The Abraham Lincoln Presidential Library and Museum devotes its next Illinois History Forum to labor activist Mary Harris "Mother" Jones, who was once labeled "the most dangerous woman in America."
The Sept. 14 forum features a showing of the short documentary "Mother Jones: America's Most Dangerous Woman." It explores her life of itinerant union activism, including her connection to Illinois labor and the reasons for her burial here.
After the film, Devin Hunter, a historian at the University of Illinois Springfield, will lead a discussion of Jones' life and the history of labor activism in Illinois.
The free event takes place at noon in the multi-purpose room of the ALPLM's library building, 112 N. Sixth Street, Springfield.
The "most dangerous woman" title was bestowed by a West Virginia prosecutor at her trial for ignoring an injunction on meetings by striking miners. "She comes into a state where peace and prosperity reign ... crooks her finger [and] twenty thousand contented men lay down their tools and walk out," Reese Blizzard said in 1902.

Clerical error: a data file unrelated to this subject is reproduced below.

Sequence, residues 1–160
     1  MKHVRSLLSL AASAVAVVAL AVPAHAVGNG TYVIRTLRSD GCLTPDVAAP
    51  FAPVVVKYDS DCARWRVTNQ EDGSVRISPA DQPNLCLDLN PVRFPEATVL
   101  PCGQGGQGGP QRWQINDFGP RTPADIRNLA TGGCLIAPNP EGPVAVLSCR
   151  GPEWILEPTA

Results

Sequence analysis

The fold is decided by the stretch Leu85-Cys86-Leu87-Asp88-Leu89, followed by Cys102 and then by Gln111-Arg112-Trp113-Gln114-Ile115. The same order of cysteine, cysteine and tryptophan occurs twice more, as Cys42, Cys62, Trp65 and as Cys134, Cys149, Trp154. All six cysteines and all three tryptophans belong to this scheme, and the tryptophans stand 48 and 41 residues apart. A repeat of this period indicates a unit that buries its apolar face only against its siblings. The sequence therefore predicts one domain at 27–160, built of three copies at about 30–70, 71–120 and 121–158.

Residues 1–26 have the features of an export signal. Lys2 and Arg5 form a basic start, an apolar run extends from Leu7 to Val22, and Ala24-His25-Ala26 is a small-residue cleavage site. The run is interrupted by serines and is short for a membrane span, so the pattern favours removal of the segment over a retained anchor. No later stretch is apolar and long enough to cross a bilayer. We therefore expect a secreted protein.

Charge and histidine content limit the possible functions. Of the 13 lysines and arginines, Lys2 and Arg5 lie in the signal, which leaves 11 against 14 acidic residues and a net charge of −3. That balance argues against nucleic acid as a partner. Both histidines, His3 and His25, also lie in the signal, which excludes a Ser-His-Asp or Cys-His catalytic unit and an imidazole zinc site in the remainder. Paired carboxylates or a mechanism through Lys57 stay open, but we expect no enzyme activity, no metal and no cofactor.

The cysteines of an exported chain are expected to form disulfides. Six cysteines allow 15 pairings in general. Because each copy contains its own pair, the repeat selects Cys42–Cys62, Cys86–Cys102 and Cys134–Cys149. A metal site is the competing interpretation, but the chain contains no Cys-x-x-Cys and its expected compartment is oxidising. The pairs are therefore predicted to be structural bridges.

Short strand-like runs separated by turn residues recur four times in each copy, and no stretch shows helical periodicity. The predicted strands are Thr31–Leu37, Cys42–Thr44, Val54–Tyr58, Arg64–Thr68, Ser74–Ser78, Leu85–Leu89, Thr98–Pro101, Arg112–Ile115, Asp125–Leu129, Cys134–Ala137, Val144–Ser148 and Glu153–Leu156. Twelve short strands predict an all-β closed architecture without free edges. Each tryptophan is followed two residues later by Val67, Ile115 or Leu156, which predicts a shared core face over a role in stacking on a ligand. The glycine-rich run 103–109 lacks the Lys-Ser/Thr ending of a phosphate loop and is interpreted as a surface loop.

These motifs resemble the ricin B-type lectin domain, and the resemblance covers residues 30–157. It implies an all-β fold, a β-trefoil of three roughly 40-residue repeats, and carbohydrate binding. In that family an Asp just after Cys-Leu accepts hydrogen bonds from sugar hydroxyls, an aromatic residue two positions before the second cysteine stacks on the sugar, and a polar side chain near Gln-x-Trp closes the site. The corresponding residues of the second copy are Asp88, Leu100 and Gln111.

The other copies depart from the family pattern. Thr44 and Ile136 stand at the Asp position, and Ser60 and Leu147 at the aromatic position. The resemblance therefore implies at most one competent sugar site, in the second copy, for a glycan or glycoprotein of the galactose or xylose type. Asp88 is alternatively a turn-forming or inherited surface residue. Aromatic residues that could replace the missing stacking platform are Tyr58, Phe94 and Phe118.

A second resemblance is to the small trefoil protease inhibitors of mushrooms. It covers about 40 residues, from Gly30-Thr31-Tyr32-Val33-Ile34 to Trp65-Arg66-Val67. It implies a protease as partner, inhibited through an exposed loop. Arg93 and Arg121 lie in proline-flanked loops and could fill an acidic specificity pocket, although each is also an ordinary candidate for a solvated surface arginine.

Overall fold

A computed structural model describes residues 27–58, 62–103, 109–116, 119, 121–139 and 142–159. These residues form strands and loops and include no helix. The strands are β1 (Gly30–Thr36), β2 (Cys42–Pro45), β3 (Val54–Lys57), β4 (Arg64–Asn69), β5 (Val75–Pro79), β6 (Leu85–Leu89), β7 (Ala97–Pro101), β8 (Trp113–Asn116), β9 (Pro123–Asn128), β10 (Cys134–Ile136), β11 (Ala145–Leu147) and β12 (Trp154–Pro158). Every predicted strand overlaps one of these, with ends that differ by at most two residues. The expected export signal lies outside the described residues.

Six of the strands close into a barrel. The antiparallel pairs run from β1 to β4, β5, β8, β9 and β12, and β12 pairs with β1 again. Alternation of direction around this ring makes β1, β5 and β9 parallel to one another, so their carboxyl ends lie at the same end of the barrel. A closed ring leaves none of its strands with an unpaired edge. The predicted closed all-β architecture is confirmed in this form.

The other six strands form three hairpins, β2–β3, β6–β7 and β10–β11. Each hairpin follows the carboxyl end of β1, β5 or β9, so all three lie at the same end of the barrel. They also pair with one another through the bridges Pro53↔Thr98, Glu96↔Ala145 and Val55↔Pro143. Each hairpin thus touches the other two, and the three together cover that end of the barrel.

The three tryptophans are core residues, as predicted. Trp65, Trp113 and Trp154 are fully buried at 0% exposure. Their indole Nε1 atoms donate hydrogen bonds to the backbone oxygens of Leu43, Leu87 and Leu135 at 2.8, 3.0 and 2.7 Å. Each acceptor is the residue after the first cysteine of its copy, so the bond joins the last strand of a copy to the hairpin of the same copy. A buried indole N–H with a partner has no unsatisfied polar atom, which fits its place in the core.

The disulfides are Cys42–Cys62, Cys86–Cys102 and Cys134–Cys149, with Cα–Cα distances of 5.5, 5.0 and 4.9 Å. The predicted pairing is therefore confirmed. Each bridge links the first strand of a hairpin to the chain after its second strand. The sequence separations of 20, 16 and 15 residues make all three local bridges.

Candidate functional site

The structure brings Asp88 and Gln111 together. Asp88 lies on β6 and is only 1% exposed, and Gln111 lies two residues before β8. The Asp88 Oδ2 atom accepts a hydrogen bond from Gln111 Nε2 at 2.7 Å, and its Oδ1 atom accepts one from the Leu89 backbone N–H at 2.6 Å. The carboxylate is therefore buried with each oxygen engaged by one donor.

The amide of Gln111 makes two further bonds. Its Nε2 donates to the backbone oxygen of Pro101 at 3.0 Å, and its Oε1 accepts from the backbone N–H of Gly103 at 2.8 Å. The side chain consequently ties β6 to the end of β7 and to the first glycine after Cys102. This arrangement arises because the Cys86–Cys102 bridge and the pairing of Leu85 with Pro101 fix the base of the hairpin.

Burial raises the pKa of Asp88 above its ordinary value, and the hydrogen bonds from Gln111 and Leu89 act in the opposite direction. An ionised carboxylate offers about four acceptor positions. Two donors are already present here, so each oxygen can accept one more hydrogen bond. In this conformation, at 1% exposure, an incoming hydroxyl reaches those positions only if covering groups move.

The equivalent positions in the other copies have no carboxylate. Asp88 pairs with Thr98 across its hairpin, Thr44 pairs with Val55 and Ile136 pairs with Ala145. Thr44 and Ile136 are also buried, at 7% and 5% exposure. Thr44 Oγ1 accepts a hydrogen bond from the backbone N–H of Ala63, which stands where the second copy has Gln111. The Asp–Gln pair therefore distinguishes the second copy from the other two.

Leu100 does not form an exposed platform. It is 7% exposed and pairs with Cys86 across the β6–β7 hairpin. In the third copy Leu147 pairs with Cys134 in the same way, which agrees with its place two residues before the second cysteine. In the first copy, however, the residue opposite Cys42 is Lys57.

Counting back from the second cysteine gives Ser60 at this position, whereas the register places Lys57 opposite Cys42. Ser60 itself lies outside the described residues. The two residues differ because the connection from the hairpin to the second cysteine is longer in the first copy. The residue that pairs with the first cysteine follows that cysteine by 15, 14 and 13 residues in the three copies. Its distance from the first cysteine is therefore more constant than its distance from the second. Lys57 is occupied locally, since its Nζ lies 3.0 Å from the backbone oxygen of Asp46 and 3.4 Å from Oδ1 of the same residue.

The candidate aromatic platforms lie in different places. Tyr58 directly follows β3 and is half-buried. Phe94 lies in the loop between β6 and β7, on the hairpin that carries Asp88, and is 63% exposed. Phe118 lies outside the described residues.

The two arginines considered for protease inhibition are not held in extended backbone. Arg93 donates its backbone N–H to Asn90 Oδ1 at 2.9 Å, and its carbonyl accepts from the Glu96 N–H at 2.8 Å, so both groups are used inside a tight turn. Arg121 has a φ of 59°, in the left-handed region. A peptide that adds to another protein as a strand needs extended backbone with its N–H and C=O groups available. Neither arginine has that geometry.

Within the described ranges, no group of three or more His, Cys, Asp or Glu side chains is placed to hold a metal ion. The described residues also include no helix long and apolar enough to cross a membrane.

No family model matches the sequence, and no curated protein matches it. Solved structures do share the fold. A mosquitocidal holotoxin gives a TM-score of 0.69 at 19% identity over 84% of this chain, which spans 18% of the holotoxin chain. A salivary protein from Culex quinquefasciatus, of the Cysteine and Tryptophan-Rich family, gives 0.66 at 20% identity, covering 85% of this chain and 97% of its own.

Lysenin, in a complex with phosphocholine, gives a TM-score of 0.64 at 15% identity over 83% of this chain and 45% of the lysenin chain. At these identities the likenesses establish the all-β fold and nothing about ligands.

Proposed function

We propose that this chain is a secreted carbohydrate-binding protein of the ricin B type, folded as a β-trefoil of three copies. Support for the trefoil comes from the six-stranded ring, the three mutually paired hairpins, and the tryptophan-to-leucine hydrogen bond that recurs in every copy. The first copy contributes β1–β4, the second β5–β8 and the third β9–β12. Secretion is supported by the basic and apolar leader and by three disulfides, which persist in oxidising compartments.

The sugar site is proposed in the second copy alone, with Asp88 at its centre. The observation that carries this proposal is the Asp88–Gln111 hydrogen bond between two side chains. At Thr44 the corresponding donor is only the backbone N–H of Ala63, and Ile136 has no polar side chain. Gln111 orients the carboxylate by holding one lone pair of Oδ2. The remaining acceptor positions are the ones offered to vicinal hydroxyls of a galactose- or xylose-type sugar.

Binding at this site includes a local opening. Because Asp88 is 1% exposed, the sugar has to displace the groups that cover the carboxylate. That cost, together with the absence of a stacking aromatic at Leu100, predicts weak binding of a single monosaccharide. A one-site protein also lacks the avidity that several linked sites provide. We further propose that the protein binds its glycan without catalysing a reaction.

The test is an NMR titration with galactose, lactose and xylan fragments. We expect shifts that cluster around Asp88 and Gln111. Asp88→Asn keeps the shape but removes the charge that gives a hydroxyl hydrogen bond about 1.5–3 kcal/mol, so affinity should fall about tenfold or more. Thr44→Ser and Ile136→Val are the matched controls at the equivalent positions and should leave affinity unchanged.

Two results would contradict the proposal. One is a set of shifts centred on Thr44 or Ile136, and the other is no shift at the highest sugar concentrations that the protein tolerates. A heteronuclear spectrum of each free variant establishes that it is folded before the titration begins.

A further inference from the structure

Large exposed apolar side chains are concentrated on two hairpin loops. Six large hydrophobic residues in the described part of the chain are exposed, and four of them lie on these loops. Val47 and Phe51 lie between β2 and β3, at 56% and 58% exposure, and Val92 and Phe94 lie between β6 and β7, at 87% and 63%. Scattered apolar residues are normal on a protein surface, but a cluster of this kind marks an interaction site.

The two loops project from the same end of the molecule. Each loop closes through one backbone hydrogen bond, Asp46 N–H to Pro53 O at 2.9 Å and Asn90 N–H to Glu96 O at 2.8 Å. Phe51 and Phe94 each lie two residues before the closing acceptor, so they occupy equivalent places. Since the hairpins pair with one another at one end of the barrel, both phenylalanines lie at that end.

Jones is buried in the Union Miners Cemetery in Mount Olive, alongside miners who died in the 1898 "Battle of Virden," a deadly clash between striking miners and security guards protecting potential strikebreakers.
The Illinois History Forum meets every two months for discussions of books, movies and museum exhibits related to Illinois history. The next session looks at Illinois' transformation from French trapping territory to American farm state.
The Abraham Lincoln Presidential Library and Museum is dedicated to telling the story of America's 16th president through old-fashioned scholarship and modern technology.
The library holds an unparalleled collection of Lincoln books, documents, photographs, artifacts and art, as well as some 12 million items pertaining to all aspects of Illinois history. The museum uses traditional exhibits, eye-catching special effects and innovative story-telling techniques to educate visitors.
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